Chiesa del Santo Sepolcro is a church divided. Wedged into one of Cagliari’s many steep and sweeping hills that tug the Sardinian capital toward the Tyrrhenian Sea, the weathered stone exterior betrays little of the give-and-take that plays out inside. Only a waft of freshly baked bread, a hint of garlic and fresh herbs, suggest something unusual.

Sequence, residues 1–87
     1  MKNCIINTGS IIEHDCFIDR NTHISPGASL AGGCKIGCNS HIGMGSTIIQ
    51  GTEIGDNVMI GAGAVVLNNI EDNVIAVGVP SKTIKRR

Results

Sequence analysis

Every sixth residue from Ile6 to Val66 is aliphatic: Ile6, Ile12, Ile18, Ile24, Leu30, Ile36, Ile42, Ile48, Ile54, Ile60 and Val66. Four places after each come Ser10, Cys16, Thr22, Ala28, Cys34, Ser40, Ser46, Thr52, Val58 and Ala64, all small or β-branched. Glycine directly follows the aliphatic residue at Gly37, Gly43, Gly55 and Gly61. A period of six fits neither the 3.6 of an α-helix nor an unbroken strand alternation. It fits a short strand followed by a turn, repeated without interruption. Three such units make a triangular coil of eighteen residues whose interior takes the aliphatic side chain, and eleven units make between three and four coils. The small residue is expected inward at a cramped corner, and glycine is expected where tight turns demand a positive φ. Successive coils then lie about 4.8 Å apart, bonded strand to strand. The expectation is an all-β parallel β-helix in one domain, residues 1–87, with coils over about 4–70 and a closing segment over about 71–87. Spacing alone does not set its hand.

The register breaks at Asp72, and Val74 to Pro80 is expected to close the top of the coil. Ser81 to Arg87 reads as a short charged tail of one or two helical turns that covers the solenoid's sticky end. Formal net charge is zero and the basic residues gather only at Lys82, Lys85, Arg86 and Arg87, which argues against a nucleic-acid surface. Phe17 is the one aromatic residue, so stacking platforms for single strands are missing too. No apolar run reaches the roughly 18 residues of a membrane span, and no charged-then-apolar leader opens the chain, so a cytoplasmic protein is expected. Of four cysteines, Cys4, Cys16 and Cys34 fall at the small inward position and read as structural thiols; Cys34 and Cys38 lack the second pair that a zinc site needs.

Beyond the entry, two-in-one churches blur and break. To the right, pews and an altar for Roman Catholics, the medieval building’s first inhabitants. Directly ahead, bold and gilded with icons, space for Eastern Orthodox congregants. A divided solution to a shared problem — keeping a church alive in an era of dwindling attendance.